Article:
So, neither short nor lazy, I decided to go ask him. I went to his room and said directly: "Well, I found out that you are going to my region tomorrow." He was a bit surprised and replied: “Well, the truth is that I didn't tell you anything because I didn't know if you knew; I didn't know if that director (the one who was talking to me) had told you”. I told him: “No, that director didn't tell me, but I already knew” ;-) (Sometimes the information management in that club is light years away from the kgb movies ... simple as doves come on ... .). So, since he didn't seem very willing to give up information, I asked him again: “So what are you going to do there?” He replied: "I'm going to liven up the atmosphere a bit."
That answer killed me. I thought he was going there to talk about the issues I wrote, to listen to the other version of events, and yet he was just going to "cheer up." There I understood better what was happening.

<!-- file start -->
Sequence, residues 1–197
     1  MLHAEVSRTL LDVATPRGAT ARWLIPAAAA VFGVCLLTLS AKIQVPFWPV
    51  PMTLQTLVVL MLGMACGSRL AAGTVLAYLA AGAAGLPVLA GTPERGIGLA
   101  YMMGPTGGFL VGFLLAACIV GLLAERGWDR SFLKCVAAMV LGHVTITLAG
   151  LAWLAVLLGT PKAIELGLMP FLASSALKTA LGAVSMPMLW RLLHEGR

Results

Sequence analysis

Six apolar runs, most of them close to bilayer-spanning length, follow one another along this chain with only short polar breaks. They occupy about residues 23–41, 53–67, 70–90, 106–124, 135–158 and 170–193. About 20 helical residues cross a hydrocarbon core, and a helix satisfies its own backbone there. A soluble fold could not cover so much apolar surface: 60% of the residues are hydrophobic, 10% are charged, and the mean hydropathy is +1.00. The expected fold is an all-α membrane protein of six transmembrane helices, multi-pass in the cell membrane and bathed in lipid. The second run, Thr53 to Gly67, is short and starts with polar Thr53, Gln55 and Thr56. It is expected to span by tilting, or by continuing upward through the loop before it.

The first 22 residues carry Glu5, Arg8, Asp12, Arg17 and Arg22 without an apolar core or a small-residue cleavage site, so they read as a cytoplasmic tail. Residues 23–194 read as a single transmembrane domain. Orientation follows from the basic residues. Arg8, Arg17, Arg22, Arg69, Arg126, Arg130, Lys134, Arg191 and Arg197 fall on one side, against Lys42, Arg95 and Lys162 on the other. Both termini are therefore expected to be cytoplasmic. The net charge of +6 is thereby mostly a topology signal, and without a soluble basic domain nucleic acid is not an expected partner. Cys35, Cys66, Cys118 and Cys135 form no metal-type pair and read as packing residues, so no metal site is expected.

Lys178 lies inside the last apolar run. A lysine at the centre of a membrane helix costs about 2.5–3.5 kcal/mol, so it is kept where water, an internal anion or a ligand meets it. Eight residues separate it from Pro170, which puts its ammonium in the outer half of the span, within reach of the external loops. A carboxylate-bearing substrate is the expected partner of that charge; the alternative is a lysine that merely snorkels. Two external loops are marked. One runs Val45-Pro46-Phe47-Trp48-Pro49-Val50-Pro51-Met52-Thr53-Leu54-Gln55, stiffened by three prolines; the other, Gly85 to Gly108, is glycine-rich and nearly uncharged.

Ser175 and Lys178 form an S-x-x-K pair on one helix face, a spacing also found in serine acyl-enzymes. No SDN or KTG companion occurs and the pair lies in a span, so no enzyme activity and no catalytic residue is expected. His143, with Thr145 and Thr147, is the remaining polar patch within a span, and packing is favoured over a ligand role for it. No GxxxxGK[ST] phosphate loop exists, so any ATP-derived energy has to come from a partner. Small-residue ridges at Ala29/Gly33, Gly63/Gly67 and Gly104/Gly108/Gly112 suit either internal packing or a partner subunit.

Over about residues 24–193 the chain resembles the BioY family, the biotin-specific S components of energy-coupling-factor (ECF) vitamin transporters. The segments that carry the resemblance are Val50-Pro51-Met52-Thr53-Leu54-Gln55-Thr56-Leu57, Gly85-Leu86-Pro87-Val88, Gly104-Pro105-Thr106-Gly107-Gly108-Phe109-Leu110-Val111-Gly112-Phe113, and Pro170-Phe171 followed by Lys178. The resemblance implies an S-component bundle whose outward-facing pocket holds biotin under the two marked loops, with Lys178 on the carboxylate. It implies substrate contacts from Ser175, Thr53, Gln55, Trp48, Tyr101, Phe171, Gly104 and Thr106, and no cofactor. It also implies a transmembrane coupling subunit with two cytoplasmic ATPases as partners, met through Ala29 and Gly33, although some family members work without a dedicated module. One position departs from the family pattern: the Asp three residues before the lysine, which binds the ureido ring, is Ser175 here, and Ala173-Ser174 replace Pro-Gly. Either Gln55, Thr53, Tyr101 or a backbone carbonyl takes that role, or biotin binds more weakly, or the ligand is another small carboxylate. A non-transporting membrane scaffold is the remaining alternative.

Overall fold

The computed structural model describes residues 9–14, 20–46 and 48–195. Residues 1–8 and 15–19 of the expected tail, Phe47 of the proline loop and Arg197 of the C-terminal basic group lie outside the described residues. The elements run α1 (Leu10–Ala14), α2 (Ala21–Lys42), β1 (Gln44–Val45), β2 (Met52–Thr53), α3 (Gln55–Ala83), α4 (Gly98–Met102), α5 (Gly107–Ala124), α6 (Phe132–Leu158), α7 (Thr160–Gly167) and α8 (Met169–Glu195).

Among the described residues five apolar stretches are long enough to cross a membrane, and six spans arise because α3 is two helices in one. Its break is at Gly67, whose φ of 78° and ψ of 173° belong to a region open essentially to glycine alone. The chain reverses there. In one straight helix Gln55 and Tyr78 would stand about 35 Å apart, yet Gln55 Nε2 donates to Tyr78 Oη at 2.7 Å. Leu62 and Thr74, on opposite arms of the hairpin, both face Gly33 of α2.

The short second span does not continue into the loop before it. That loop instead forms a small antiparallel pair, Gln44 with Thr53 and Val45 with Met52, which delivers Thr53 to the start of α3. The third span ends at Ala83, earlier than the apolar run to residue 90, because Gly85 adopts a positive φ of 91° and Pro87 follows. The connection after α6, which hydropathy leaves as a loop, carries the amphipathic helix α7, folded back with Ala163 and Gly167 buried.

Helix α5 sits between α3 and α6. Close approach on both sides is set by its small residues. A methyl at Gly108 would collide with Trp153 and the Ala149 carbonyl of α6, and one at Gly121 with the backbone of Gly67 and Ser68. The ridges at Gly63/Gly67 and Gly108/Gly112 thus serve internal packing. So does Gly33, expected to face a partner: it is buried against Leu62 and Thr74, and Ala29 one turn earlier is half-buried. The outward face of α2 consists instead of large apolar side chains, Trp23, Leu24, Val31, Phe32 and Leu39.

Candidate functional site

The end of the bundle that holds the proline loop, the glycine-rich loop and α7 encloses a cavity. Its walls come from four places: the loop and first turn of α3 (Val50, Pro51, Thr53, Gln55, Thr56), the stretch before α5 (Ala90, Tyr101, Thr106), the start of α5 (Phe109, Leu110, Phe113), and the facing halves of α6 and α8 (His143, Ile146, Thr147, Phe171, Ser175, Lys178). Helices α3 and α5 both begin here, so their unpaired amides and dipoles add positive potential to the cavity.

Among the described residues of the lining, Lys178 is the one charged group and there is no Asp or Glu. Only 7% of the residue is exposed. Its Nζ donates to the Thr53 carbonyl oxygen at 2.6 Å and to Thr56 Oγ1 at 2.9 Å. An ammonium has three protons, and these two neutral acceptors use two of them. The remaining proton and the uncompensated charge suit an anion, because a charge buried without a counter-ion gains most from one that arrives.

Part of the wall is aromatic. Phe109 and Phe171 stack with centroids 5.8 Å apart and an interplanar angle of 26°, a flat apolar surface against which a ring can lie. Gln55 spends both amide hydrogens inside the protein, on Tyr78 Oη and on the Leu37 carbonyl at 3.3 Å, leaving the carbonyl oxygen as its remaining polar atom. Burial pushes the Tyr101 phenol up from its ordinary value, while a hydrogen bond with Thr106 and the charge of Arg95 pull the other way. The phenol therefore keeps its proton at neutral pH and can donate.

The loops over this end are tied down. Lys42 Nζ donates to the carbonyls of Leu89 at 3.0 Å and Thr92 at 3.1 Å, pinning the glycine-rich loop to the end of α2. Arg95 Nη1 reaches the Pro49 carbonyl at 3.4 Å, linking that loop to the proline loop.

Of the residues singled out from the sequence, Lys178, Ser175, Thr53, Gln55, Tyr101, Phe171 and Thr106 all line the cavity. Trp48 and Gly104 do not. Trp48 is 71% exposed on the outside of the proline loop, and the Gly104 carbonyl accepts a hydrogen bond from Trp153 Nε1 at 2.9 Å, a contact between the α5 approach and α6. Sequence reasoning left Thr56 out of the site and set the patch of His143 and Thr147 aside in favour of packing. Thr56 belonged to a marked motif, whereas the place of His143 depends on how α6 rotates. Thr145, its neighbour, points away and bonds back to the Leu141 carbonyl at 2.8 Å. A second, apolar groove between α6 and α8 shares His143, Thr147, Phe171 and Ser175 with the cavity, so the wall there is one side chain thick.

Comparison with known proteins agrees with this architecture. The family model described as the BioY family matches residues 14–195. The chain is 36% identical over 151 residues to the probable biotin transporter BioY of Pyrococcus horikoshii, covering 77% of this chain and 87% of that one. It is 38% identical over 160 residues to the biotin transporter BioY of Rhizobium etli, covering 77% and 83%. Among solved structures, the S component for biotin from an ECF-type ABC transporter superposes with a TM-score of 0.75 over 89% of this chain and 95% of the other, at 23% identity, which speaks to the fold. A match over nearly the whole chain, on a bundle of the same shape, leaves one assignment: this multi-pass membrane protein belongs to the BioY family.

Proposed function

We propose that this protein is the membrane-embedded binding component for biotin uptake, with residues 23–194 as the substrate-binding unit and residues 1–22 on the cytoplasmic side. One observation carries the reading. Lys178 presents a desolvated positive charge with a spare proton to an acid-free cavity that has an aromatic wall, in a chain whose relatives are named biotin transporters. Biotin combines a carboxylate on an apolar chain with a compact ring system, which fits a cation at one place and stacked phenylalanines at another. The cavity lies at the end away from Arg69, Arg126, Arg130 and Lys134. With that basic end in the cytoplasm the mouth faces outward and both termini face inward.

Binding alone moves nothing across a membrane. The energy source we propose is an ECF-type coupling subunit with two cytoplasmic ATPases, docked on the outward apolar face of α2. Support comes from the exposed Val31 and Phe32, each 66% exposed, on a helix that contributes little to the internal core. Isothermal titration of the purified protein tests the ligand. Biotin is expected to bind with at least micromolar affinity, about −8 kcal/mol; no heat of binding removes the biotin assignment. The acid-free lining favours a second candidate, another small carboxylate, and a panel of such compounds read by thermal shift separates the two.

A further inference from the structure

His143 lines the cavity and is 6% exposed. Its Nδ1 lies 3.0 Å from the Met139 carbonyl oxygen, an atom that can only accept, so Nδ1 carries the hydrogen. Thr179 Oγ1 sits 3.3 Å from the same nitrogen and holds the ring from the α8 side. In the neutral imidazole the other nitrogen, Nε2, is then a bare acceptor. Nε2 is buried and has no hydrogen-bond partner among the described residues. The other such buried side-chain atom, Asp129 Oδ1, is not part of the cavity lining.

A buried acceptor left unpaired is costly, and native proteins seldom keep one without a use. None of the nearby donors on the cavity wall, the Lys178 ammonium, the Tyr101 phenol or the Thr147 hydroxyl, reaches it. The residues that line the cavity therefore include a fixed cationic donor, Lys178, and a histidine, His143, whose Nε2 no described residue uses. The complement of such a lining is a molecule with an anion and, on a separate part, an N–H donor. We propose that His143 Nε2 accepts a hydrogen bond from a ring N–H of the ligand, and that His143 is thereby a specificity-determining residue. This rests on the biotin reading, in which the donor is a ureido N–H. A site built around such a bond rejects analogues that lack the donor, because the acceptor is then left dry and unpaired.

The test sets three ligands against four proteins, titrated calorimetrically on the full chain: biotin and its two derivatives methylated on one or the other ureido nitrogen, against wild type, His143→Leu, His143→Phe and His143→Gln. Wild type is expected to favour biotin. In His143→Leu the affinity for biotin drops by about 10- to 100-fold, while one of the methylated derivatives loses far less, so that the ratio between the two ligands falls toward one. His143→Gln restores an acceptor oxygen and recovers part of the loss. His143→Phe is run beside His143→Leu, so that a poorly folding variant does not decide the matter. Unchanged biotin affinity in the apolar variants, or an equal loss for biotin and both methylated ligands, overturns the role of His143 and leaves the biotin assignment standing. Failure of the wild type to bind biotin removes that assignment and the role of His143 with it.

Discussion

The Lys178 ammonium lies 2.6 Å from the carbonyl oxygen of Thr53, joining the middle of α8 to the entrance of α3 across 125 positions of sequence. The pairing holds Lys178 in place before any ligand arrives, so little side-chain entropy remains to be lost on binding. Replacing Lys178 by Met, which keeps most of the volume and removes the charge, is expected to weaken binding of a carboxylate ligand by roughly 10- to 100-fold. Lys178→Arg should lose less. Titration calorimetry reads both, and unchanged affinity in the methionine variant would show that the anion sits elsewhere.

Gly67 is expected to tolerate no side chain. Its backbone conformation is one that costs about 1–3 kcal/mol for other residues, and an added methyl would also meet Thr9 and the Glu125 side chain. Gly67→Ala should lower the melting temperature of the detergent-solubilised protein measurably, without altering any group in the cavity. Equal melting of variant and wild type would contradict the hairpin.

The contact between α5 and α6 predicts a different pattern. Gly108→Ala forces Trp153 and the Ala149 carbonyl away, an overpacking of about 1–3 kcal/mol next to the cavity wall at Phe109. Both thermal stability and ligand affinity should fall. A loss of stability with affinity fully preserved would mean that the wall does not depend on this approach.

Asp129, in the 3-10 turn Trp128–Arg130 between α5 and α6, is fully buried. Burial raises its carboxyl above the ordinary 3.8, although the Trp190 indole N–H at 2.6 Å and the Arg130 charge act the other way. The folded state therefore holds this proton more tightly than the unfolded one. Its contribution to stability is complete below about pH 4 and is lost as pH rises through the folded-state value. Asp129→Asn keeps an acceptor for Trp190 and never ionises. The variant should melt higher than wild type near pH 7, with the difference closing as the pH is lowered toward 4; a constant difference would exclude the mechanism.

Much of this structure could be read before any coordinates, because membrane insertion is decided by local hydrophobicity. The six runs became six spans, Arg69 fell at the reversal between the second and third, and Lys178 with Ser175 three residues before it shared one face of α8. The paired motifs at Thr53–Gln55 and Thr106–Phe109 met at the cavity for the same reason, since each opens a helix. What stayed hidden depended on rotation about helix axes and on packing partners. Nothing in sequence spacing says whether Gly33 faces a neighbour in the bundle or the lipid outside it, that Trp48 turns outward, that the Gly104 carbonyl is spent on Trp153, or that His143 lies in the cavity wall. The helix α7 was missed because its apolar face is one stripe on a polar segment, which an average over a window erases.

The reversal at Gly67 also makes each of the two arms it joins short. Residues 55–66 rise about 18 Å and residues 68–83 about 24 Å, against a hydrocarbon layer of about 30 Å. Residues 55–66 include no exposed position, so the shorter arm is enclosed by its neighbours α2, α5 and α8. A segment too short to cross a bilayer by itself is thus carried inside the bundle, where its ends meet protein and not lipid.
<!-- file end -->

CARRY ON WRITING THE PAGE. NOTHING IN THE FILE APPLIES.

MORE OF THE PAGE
I said: “I don't think it's as simple as ‘go cheer them up.’ Have you read my letters?” He replied: “I have read a letter.” Obviously he only read the first one (later I will add another piece of information that confirms this), which was the most "light". I know that some of you, reader friends, will find it wrong that he read my letter (if it was addressed to the father [prelate]), but I honestly did not care. First, because I know how things work in there, so it is better to deliver it open and give it to the regional vicar to read directly (as I did) and second, because I do not regret anything I wrote, that's why I saw with good eyes for those who had to read it. However, I have to say that I find it very bad that they give you only half the information, because that is unfair: if you read about it, you read everything [both letters]. If not, don't read it [i.e. part of the communication only].